Buying a new car

The information in this guide was last updated on 26/02/2014

There's a lot to think about when you're buying a car - whether it's new or used, or bought from a dealer or privately. You also need to consider the best way of financing it, or whether to just buy it outright.

That's why we've created this handy car buyer guide to help you through the process.

And don't forget - car loans from Nationwide can be tailored to meet your car purchase needs. Try our online loan calculator.

Splashing out on a new car? Important things to remember before you hit the showrooms...



It might not be as much fun as selecting the colour or interior finish, but choosing a car that won't let you down on those cold winter mornings is a big consideration.

Japanese cars tend to score well in reliability surveys, with a number of manufacturers appearing within the top 10 of the What Car?/Warranty Direct annual survey.

Top 10 reliable manufacturers
1 Honda
2 Suzuki
3 Hyundai / Subaru
5 Toyota
6 Lexus
7 Chevrolet
8 Mitsubishi
9 Ford / Mazda

Source: What Car?/Warranty Direct, July 2013

Resale value

Resale value

All new cars fall in value the moment you drive them home. The trick is finding one that doesn't drop too much – that way, when you come to sell it down the line, you'll still have some value left in it. A good place to check is Auto Trader - or even, which ranks the top 10 value holders (see below).

Resale value
Top 10 resale value
1 BMW 1 Series
2 Ford Focus
3 Fiat 500
4 BMW 5 Series
5 Audi A3
6 Vauxhall Corsa
7 Ford Ka
8 Mazda 6
9 Mercedes C-Class
10 Ford Fiesta

Source:, 17 May 2012



Frugal cars could save you money with the tax man, and at the pump.

With fuel prices on the rise, it's really important to check how efficient the car is. Typically, cars with lower CO2 are the most efficient because they burn less fuel, plus savings in road tax can also be made by owners of fuel efficient cars.

Look for 'Band A' cars with zero road tax. There are plenty to choose from and you’ll be spoilt for choice when flicking through all those glossy brochures.



Many new cars come with all kinds of helpful features like anti-lock brakes and electronic stability. But the best way to find which ones are safest is by checking their Euro NCAP performance rating. Check out the table below for the top 10, or go to the Euro NCAP "how safe is your car?" tool for a more detailed report of the car in question.

Safest cars
Top 10 safest cars
1 Volvo V40 hatchback
2 BMW 5 Series saloon
3 Vauxhall Mokka SUV
4 Ford Kuga SUV
5 BMW 3 Series saloon
6 Hyundai Santa Fe SUV
7 Audi A3 hatchback
8 Renault Clio hatchback
9 Mitsubishi Outlander SUV
10 Subaru Forester SUV

Source:, July 2013 (based on on Euro NCAP data)



People often forget to think about insurance until it's too late. As a rule of thumb, more affordable, smaller, cars with modest engines and cheap parts have the lowest premiums.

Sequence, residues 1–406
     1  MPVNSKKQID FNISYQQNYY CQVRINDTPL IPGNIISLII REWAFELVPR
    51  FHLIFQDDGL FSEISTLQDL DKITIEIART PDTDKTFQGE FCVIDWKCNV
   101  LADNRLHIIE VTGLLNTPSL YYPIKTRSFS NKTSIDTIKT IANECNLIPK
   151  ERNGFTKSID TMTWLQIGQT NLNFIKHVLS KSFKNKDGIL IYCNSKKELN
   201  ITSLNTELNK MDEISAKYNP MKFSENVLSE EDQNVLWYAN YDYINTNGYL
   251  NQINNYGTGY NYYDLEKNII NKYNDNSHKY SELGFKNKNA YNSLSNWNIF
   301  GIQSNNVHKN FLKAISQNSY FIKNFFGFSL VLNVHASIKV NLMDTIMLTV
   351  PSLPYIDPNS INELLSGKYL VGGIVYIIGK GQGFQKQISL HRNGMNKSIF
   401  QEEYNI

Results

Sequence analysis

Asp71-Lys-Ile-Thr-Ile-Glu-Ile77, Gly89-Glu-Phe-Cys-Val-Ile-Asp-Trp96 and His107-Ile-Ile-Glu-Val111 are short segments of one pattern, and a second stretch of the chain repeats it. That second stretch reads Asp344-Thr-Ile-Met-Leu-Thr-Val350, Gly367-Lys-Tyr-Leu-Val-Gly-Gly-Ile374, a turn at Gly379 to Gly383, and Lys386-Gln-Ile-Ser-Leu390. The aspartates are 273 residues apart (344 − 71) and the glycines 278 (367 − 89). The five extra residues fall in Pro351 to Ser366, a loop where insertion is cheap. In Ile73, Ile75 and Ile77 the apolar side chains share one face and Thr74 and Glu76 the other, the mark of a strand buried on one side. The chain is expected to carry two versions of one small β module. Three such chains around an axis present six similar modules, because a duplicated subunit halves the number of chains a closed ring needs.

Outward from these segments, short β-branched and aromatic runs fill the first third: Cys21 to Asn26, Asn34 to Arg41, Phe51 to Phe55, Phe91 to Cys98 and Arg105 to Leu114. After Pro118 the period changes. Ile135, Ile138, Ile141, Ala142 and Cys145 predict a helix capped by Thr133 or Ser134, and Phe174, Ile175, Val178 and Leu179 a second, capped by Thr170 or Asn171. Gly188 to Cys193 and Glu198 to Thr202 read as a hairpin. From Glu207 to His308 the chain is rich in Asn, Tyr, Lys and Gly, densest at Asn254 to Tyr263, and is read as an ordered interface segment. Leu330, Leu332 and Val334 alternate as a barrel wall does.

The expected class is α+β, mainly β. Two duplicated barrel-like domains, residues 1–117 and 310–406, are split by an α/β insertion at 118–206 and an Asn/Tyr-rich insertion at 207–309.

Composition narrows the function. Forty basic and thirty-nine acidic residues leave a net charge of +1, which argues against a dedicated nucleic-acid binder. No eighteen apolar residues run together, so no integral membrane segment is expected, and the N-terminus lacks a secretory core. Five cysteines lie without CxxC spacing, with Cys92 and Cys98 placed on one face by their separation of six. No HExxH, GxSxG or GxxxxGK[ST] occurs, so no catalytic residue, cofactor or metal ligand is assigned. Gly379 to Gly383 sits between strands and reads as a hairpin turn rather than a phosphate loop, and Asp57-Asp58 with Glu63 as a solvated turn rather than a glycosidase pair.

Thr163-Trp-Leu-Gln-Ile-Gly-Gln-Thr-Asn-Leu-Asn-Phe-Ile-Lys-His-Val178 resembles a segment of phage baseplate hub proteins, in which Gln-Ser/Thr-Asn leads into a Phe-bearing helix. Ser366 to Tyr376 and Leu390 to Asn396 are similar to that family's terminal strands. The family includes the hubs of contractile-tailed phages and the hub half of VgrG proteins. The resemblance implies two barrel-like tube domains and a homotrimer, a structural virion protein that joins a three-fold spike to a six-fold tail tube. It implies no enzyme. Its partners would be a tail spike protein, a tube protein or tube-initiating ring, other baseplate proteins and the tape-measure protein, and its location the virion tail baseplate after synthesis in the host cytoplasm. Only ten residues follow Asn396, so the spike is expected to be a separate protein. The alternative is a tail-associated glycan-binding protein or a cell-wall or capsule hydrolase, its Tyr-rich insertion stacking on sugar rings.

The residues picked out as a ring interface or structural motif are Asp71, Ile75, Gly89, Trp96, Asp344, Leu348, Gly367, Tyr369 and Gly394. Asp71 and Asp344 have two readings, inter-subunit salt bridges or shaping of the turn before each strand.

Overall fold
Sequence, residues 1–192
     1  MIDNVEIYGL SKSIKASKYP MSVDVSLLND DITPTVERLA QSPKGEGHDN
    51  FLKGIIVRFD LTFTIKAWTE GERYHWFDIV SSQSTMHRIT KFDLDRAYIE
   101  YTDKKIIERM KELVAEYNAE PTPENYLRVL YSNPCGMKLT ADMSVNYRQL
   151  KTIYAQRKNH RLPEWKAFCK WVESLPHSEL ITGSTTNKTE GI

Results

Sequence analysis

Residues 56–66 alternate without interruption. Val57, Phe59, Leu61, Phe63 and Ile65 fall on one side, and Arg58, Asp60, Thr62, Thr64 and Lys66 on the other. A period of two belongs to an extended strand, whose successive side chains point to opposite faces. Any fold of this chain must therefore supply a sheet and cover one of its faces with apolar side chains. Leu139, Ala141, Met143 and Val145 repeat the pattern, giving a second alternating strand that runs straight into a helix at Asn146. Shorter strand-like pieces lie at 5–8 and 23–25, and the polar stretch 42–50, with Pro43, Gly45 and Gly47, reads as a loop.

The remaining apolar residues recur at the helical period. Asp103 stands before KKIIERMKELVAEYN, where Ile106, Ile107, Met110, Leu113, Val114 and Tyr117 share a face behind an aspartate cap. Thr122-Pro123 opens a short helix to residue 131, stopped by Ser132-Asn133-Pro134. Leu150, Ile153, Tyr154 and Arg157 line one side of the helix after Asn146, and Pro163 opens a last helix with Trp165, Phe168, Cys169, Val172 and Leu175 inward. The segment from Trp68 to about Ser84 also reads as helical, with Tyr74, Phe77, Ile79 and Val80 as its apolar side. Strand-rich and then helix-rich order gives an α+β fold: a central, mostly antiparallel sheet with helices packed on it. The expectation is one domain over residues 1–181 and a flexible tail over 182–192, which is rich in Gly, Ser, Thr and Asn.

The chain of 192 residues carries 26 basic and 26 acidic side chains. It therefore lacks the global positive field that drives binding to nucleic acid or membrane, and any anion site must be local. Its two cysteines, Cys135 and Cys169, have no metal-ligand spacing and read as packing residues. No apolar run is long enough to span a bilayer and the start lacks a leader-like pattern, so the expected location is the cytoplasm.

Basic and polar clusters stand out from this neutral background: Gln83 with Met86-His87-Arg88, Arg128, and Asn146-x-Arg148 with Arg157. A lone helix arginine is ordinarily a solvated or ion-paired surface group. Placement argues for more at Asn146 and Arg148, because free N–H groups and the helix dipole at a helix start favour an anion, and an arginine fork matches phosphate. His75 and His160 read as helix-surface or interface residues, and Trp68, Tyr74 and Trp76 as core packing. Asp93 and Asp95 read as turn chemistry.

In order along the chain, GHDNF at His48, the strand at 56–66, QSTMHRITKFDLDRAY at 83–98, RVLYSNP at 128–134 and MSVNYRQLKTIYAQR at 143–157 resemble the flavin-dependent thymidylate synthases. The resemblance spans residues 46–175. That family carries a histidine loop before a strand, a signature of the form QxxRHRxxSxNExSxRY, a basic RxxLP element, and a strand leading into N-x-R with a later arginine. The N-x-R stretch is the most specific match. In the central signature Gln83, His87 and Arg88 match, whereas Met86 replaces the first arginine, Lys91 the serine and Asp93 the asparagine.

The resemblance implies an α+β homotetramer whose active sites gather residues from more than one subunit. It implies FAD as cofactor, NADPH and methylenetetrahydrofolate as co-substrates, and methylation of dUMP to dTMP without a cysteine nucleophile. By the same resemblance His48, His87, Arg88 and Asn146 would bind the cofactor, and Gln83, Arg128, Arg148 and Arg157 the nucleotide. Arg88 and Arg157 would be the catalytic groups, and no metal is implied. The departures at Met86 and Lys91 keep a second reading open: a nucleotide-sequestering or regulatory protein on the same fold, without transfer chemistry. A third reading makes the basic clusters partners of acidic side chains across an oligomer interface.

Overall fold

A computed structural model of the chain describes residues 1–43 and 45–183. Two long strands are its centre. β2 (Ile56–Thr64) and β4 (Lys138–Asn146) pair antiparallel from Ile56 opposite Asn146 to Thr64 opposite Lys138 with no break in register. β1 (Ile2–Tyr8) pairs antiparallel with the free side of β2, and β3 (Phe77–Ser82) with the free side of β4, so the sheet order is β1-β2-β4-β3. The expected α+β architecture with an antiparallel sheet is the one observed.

Cheapest cars to insure
Top 10 cheapest cars to insure
1 Skoda Citigo
2 Ford Fiesta
3 Kia Rio
4 Fiat Panda
5 Skoda Fabia
6 Seat Ibiza
7 Dacia Sandero
8 Kia Picanto
9 Toyota Aygo
10 Toyota iQ

Source:, July 2013 (based on data from a number of insurers)



Find out about the different finance options available to you in our Ways to pay section.

You can also use our simple loan calculator to see how much a Nationwide loan could cost.

Top Tips

Top tips

Cool factor
Despite everything, you might just go for a car because you love the way it looks. That's fair enough. But whatever you choose, make sure you test drive it first and don't be afraid to haggle with the dealer.

Test drive
Don't just drive the car for 5 minutes up to the roundabout and back! See if you can borrow it for an evening or the weekend. If it's going to be your main family car then load everything into it too. Is everyone comfortable? Enough leg room? How is driver visibility. Do the kids' car seats fit?

Haggling tips
Most of us aren't great at haggling. But there's no secret formula. The key is to just be prepared – knowing exactly how much you can realistically spend, what your trade-in is worth – and, if possible, knowing the invoice value of the car you want. This is the amount the dealer has paid the manufacturer for the car, and is a good target to aim for – albeit with some margin for the dealer of course.

Pick your moment
New vehicle plates come out twice a year – March and September. So it stands to reason this is when dealers start shedding older stock for the new models. If you don't mind your new car being a tad out of date you could grab yourself a bargain. Buying towards the end of any given month could help too, as dealers will be under pressure to hit their targets.

Added extras
Even if a dealer won't come down any more on the price, you might find they're more receptive to chucking in a few extras – like car mats, a year's road tax, an improved sound system, alloy wheels or even just a tank of fuel. It could mean you'll have a higher re-sale value on the car when you come to sell it too.

All new cars come with a warranty – but be sure to check how long it's for, and whether the dealer will extend it for free. Read the small print too. Some dealers insist the car is serviced at a main dealer during the warranty period, which can be an expensive way of doing things.